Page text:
It can be summed up as on the back of the cover as dealing with "a complex web of murder and mystery". It could also be described as a novel in which a complex web of themes is involved, and a wide range of characters realistically portrayed. Indeed it is a novel to be read with careful concentration so that the relationships among the characters whom Inspector O'Rorke encounters in his investigation can be recognised as far as their disguises will permit. There are new New Zealanders who have come from different and sometimes violent backgrounds and achieved success in the young country. Some strong women fearlessly defy Victorian conventions and express their concern about rights for women. Maori are deeply concerned about the theft and export of ancestral taonga (treasures). Some Polish refugees are trying to build a new life away from Russian domination while others seek vengeance against the Russians who have treated cruelly people in their homeland. The country is alarmed about the threat of Russian invasion. Into this explosive mix come high-ranking Russian visitors from a scientific expedition seeking a present for the Czar.

This gripping story is excellent reading for anyone who enjoys detective stories, but there is even more to this book than the gripping story line and the powerful mix of themes. It flows seemingly effortlessly from one chapter to the next, but this is no superficial story. It is a detective story in a historical setting and when I had finished reading it I realised how convincingly I had been drawn into identifying with life in the late nineteenth century. The details of the buildings and their furnishings, the transport, the lighting, and the means of communication combined to build up a picture which was made more real because of the clear presentation of social interaction in Victorian society and the impact of rank, social position and rituals.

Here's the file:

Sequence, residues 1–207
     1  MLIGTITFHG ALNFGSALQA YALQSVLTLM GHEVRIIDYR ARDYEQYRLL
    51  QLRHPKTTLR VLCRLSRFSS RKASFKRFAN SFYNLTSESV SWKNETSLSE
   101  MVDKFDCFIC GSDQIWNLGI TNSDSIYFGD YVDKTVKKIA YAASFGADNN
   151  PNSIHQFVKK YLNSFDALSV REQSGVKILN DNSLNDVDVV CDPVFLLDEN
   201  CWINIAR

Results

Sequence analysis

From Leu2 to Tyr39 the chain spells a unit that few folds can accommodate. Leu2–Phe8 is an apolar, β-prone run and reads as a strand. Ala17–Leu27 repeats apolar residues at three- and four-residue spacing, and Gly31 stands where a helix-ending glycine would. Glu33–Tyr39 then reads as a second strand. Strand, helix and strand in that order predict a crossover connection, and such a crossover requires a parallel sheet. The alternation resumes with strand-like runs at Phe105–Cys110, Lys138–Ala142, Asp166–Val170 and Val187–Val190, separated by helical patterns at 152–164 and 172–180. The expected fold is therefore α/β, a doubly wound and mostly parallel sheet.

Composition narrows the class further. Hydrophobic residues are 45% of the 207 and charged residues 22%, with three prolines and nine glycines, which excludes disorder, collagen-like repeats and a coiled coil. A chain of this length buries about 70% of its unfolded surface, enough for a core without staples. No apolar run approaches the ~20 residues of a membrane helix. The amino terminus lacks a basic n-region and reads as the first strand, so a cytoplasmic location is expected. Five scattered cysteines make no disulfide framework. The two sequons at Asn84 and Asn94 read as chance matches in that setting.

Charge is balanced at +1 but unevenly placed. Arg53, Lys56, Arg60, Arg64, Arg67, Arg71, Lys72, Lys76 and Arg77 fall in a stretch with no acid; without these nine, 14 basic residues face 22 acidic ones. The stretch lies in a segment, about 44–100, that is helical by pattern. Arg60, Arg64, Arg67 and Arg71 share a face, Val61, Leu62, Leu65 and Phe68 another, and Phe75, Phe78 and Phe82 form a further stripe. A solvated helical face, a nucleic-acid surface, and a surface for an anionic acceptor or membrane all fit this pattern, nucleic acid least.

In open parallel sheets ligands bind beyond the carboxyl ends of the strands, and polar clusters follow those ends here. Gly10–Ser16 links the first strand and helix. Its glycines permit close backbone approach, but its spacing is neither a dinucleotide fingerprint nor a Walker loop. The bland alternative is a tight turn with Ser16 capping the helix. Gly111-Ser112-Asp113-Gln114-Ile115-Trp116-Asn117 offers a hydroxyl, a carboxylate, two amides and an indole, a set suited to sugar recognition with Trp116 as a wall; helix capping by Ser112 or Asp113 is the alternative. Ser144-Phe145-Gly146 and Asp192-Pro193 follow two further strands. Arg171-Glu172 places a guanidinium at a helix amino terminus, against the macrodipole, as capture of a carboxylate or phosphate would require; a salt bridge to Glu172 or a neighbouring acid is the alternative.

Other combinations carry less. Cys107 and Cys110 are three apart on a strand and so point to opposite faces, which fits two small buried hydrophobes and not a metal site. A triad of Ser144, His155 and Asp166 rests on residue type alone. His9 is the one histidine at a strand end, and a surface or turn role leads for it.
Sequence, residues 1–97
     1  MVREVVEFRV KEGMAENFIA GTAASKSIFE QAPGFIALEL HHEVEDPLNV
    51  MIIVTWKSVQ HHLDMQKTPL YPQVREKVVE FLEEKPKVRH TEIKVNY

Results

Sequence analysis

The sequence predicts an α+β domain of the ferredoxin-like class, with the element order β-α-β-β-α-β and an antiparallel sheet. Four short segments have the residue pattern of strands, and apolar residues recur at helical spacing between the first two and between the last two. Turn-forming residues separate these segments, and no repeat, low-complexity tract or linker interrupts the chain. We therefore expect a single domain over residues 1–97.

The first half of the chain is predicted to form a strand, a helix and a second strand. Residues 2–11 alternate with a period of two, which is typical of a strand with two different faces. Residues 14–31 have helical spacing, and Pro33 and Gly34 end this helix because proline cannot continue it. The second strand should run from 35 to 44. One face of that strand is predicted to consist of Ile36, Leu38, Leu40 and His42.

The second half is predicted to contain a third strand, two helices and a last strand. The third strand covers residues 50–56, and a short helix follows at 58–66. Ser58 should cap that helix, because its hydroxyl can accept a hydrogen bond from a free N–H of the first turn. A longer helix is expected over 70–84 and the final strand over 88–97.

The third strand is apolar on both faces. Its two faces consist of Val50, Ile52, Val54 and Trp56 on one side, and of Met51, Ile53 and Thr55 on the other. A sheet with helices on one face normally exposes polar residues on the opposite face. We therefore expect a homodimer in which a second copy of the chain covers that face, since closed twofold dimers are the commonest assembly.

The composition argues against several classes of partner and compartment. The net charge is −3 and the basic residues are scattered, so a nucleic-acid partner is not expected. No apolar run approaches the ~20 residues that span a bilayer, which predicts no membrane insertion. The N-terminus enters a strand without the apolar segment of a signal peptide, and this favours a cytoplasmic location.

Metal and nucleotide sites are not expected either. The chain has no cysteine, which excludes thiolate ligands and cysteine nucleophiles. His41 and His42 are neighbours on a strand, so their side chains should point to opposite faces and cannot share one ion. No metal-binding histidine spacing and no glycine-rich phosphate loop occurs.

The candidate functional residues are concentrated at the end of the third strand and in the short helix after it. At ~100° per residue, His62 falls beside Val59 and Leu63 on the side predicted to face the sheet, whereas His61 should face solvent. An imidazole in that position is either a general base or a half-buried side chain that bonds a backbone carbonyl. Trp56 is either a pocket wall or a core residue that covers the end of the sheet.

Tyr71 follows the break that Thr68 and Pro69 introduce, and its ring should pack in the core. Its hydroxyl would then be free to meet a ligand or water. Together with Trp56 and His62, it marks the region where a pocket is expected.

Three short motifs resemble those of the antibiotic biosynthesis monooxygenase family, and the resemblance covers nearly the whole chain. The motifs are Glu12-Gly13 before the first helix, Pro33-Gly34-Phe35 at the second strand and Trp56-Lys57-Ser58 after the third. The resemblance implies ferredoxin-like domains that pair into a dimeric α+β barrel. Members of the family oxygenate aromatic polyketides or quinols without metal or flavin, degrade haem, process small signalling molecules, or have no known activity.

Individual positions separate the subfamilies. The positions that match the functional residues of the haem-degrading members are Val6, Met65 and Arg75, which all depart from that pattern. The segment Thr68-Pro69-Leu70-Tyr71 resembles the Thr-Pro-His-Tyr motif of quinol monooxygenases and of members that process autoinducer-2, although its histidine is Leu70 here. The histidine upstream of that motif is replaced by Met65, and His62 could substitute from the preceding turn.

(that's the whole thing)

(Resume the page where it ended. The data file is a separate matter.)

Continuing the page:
The setting of the story was clearly the work of a social historian.

The author has the gift of creating a scene and by his skilful use of language conveying the visual setting, the sound, the atmosphere, the emotional tensions.

This is clearly seen in this passage on Page 153.

"She had already drawn back the long curtains from the windows so that the room was bathed in light. Birds were singing in the trees outside, the sun was already blazing, and the great nor'west arch high above the distant mountains foretold another stiflingly hot day. Yet for her the bedroom remained cold as an ice-house. Then as a new wave of shadows seemed to flow out from the mirror and swirl around her, threatening, stifling and imprisoning, she slammed the door fast and stumbled towards the stairs. Outside and clear of the house, with the warm wind bathing her face and the morning heat freeing her body from the deadening cold of her haunting, she started to run without caring in which direction she ran."